[2] Notably, Miller's property theory of existence holds the opposite, which is plainly wrong. Quoting from LaZella 2010 doctoral dissertation "Thomas Aquinas, the real distinction between esse and essence, and overcoming the conceptual imperialism", p. 60 (emphasis added):

LaZella (2010) wrote:

For a contemporary account of “existence as a property,” see Barry Miller, The Fullness of Being: A New Paradigm for Existence (South Bend: University of Notre Dame, 2002). His use of the term “existence,” as he admits, is synonymous with “actuality.” See Ibid. 82 fn. 1. He argues that instead of thinking of existence as “inherence in” (e.g., “Existence inheres in Caesar), we should say “bounded by” (e.g., “Caesar is bounded by existence”) as a more suitable metaphor (Ibid. 97).

[3] According to the dogma of the unity of the divine operations ad extra, the work of the creation of Jesus' human essence and its simultaneous union to the Son as its Act of Being was common to the three divine Persons acting as one efficient cause, which is reflected in the NT text by the attribution of that work, in different passages, to either the Father (Heb 10:5), the Son (Phil 2:7), or the Holy Spirit (Mt 1:18-20; Lk 1:35), the last attribution being the one adopted in the Apostles' and Nicene-Constantinopolitan Creeds.

[4] Given that the (one and only) Subsistent Act of Being does not exist apart from the three divine Persons, in pre-Personal or impersonal mode, it is impossible that the Subsistent Act of Being in pre-Personal or impersonal mode be the act of being of an assumed created essence. Only the Subsistent Act of Being in a particular mode can be the act of being of an assumed created essence. But the Subsistent Act of Being in a particular mode is the respective divine Person. Thus, the divine Person Who assumed a created essence is the act of being (speaking strictly, Act of Being) of that assumed essence.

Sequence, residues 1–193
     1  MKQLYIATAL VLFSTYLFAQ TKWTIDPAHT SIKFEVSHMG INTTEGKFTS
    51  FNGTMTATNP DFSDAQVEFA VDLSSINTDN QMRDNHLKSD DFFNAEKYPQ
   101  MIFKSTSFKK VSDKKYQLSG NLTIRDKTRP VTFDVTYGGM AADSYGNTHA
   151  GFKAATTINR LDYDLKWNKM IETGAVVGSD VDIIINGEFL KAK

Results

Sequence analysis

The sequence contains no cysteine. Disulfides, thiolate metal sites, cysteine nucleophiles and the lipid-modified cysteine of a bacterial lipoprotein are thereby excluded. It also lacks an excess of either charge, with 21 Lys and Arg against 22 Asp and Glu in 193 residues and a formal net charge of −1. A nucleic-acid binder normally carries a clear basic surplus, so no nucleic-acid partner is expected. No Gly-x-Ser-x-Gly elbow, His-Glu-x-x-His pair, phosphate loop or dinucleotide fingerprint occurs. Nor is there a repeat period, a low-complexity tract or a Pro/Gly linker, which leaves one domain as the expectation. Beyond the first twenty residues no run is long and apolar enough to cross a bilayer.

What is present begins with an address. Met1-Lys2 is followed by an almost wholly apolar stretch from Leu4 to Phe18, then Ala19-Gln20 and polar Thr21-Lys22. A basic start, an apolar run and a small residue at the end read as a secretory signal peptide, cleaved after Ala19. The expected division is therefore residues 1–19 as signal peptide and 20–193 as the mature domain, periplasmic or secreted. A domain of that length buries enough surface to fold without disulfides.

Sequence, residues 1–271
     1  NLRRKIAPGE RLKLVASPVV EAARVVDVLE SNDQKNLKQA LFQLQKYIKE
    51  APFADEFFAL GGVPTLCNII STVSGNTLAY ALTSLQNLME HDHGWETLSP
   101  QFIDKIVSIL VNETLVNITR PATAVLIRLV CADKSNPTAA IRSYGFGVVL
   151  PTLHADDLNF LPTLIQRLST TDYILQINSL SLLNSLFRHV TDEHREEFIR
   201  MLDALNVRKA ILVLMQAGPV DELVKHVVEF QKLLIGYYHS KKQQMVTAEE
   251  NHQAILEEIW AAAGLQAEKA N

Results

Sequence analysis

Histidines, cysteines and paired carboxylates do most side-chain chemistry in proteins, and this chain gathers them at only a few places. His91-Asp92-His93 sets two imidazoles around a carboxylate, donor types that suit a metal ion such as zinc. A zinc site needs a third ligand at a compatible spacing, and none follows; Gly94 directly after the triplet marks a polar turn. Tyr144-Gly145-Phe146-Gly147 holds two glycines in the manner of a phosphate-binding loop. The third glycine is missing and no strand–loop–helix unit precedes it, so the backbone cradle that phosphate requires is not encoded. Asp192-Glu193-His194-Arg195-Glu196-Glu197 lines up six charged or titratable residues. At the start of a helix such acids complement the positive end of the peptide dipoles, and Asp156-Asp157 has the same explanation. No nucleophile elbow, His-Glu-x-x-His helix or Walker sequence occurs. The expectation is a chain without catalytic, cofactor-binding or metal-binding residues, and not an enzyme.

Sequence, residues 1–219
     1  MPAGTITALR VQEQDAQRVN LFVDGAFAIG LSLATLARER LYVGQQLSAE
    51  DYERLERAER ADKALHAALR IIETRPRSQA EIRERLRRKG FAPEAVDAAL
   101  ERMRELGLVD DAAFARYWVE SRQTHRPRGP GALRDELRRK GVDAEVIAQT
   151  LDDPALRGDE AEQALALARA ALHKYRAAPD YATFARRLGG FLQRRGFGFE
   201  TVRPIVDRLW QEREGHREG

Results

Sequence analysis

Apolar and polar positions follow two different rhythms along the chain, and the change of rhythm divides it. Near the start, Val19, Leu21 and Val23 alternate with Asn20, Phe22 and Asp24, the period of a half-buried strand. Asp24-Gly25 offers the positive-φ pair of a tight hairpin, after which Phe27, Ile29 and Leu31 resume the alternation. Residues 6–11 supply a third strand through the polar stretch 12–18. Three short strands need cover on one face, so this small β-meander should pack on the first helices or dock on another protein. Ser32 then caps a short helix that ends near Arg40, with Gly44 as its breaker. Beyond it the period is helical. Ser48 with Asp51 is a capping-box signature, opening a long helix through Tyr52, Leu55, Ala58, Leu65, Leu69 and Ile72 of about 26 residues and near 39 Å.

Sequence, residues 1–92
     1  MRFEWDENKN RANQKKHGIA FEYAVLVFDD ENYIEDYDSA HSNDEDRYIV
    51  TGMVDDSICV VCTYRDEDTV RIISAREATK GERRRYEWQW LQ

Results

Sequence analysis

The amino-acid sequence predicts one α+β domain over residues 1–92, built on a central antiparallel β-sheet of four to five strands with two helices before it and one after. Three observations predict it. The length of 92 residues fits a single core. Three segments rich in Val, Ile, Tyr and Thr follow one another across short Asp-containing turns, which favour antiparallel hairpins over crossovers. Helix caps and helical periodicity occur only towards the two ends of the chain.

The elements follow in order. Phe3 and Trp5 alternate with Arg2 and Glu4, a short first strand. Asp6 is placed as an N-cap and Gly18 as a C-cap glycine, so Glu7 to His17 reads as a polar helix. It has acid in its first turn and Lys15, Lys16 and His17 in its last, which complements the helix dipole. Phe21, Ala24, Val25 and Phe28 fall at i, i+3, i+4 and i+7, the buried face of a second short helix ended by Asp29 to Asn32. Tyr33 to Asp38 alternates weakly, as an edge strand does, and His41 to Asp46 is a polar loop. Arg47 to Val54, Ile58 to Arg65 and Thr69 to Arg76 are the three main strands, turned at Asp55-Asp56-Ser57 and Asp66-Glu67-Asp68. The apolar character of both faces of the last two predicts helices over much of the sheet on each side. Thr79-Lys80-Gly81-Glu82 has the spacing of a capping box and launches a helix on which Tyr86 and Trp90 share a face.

[5] I removed all mention of "bounded" from the 3rd point after consulting a professional Thomistic philosopher, who observed that "we cannot say that the Subsistent Act of Being has become a limited, bounded, act due to the fact of its actualizing a finite essence. Finite essences limit, bound, finite acts of being, not the Subsistent Act of Being, Which actualizes Christ's human nature without being received in it, like finite acts of beings are received in their respective finite essences."
 

Last edited by Johannes (9/15/2018 10:13 pm)

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9/10/2018 5:13 pm  #13


Re: On philosophical objections to the Chalcedonian Incarnation doctrine

This post is a digression about a couple of related points.

First, just as scientists are bounded by empirical observations when developing a scientific theory, Christian philosophers are bounded by Christian faith when developing a philosophical theory.